"كتابات الآباء "
IN his treatise, Concerning Perfection according to the Saviour,
he writes, "Consent indeed fits for prayer, but fellowship in
corruption weakens supplication. At any rate, by the permission he
certainly, though delicately, forbids; for while he permits them to
return to the same on account of Satan and incontinence, he exhibits
a man who will attempt to serve two masters--God by the 'consent' (1
Cor. vii. 5), but by want of consent, incontinence, fornication, and
the devil."--CLEM. ALEX: Strom., iii. C. 12.
A certain person inveighs against generation, calling it
corruptible and destructive; and some one does violence [to
Scripture], applying to pro-creation the Saviour's words, "Lay not
up treasure on earth, where moth and rust corrupt;" and he is not
ashamed to add to these the words of the prophet: "You all shall
grow old as a garment, and the moth shall devour you."
And, in like manner, they adduce the saying concerning the
resurrection of the dead, "The sons of that world neither marry nor
are given in marriage."--CLEM. ALEX.: iii. c. 12, 86.
Tatian, who maintaining the imaginary flesh of Christ,
pronounces all sexual connection impure, who was also the very
violent heresiarch of the Encratites, employs an argument of this
sort: "If any one sows to the flesh, of the flesh he shall reap
corruption;" but he sows to the flesh who is joined to a woman;
therefore he who takes a wife and sows in the flesh, of the flesh he
shall reap corruption.--HIERON.: Com. in Ep. ad Gal.
Seceding from the Church, and being elated and puffed up by a
conceit of his teacher, as if he were superior to the rest, he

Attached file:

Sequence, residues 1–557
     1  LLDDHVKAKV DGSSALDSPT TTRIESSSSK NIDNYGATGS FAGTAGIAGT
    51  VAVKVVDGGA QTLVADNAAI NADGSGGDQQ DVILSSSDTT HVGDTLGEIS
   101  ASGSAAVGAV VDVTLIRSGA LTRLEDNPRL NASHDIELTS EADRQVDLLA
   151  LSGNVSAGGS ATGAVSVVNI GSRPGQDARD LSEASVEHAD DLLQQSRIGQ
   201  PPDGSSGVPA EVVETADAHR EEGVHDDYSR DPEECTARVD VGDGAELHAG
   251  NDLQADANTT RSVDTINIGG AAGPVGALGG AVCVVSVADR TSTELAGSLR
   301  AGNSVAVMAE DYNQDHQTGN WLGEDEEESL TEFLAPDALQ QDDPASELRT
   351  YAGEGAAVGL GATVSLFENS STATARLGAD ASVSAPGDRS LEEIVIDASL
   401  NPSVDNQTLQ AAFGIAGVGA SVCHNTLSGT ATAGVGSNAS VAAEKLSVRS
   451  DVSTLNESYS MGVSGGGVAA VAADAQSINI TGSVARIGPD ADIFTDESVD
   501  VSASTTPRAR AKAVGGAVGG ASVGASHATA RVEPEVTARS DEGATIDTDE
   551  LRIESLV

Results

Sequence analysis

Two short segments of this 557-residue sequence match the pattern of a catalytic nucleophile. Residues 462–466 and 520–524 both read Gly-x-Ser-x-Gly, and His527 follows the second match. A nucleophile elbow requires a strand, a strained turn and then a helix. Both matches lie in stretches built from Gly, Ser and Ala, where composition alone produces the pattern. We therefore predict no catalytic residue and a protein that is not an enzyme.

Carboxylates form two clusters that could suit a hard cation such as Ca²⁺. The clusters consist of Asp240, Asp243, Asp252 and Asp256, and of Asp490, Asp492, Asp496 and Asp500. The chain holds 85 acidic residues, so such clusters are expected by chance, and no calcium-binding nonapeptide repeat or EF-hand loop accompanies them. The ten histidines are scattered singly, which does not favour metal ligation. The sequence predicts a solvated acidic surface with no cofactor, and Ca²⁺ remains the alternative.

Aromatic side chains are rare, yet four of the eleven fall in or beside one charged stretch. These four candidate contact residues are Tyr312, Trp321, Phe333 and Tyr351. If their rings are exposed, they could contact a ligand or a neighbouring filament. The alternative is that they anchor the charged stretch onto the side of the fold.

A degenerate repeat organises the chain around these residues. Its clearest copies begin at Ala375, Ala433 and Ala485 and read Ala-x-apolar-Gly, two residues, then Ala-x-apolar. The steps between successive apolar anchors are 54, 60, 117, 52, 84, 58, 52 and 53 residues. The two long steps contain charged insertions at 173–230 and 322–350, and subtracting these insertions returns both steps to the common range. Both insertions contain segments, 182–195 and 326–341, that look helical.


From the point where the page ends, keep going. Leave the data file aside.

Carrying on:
formed his own peculiar type of doctrine. Imagining certain
invisible AEons like those of Valentinus, and denouncing marriage as
defilement and fornication in the same way as Marcion and
Saturninus, and denying the salvation of Adam as an opinion of his
own.--IRENAEUS: Adv. Hoer., i. 28.
Tatian attempting from time to time to make use of Paul's
language, that in Adam all die, but ignoring that "where sir,
abounded, grace has much more abounded."--IRENAEUS: Adv. Heres.,
Against Tatian, who says that the words, "Let there be light,"
are to be taken as a prayer. If He who uttered it knew a superior
God, how is it that He says, "I am God, and there is none beside
He said that there are punishments for blasphemies, foolish talking,
and licentious words, which are punished and chastised by the Logos.
And he said that women were punished on account of their hair and
ornaments by a power placed over those things, which also gave
strength to Samson by his hair, and punishes those who by the
ornament of their hair are urged on to fornication.--CLEM. ALEX.:
But Tatian, not understanding that the expression "Let there be"
is not always precative but sometimes imperative, most impiously
imagined concerning God, who said "Let there be light," that He
prayed rather than commanded light to be, as if, as he impiously
thought, God was in darkness.--ORIGEN: De Orat.
Tatian separates the old man and the new, but not, as we say,
understanding the old man to be the law, and the new man to be the
Gospel. We agree with him in saying the same thing, but not in the
sense he wishes, abrogating the law as if it belonged to another
God.--CLEM. ALEX.: Strom., iii. 12.
Tatian condemns and rejects not only marriage, but also meats
which God has created for use.--HIERON.: Adv. Jovin., i. 3.
"But ye gave the Nazarites wine to drink, and commanded the
prophets, saying, Prophesy not." On this, perhaps, Tatian the chief
of the Encratites endeavours to build his heresy, asserting that
wine is not to be drunk, since it was commanded in the law that the
Nazarites were not to drink wine, and now those who give the
Nazarites wine are accused by the prophet.--HIERON.: Com. in Amos.
Tatian, the patriarch of the Encratites, who himself rejected
some of Paul's Epistles, believed this especially, that is
[addressed] to Tires, ought to be declared to be the apostle's,
thinking little of the assertion of Marcion and others, who agree
with him on this point.--HIERON.: Proef. in Com. ad Tit.
[Archelaus (A.D. 280), Bishop of Carrha in Mesopotamia, classes
his countryman Tatian with "Marcion, Sabellius, and others who have
made up for themselves a peculiar science," i.e., a theology of
their own.--ROUTH: Reliquioe, tom. v. p. 137. But see Edinburgh
Series of this work, vol. xx. p. 267.]